Archana is a senior from Illinois majoring in History. Her main academic interest is global imperial history, with special focuses on race, gender, and cultural representation. As part of the Penn and Slavery Project, she has also written on slavery and the development of medicine in the United States. Archana currently serves as chair of the History Undergraduate Advisory Board and is an undergraduate fellow at the Andrea Mitchell Center for the Study of Democracy and the Center for the Study of Ethnicity, Race, and Immigration. In addition to research, she is organizing an upcoming participatory art exhibition and enjoys volunteering with the Philly Food Trust and urban farms around the city.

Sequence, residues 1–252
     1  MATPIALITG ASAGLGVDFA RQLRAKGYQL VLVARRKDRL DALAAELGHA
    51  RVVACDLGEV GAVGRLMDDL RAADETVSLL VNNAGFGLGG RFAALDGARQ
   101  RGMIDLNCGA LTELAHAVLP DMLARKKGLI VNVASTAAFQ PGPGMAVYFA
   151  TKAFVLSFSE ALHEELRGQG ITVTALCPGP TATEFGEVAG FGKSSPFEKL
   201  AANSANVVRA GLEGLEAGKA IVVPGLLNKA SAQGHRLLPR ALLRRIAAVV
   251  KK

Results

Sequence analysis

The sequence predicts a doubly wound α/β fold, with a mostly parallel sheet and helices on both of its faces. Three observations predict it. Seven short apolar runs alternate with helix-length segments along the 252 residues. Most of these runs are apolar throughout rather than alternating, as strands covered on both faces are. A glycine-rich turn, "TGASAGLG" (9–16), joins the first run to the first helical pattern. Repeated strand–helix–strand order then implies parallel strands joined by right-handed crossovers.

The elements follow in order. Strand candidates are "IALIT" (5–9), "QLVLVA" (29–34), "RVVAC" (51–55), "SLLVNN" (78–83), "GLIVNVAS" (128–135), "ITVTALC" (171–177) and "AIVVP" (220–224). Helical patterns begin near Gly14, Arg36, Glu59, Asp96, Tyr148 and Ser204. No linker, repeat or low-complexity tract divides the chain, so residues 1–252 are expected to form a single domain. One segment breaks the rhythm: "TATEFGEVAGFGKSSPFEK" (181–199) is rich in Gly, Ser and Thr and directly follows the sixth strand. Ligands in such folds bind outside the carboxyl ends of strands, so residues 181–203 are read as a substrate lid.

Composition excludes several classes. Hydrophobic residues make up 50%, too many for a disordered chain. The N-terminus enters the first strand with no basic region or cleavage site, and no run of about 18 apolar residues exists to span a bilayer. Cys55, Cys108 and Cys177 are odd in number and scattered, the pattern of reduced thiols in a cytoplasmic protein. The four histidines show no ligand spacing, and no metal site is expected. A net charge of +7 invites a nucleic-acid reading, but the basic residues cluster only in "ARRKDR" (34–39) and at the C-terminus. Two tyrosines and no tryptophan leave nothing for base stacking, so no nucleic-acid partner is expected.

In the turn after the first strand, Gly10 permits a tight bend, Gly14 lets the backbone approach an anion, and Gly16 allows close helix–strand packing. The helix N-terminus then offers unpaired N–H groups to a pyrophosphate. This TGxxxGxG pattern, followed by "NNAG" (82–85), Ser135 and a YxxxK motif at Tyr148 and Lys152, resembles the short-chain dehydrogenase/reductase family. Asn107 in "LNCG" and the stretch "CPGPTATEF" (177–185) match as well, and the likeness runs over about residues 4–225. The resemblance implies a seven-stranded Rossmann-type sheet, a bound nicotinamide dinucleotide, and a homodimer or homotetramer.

Wolf Humanities Center Undergraduate Fellow
2019—2020 Forum on Kinship
That More Peculiar “Peculiar Institution”: British Perceptions of Slavery in the Ottoman Empire
My research explores the historic development of the “right to family life” in modern day international law. Some recent historians have begun to show that the idea of the family as an international right developed during the abolitionist movement of the nineteenth century. I will argue that while the right to family did develop during this time, British perceptions of slavery and the degrees of kinship ties it allowed for or broke were highly geographically determined, and those perceptions shaped British abolitionist policy regionally and ultimately debates in international law. Using British travel narratives, fiction, paintings, and diplomatic dispatches, I will compare British perceptions and portrayals of kinship (or lack thereof) in Ottoman slavery with British perceptions and portrayals of the same in Atlantic slavery.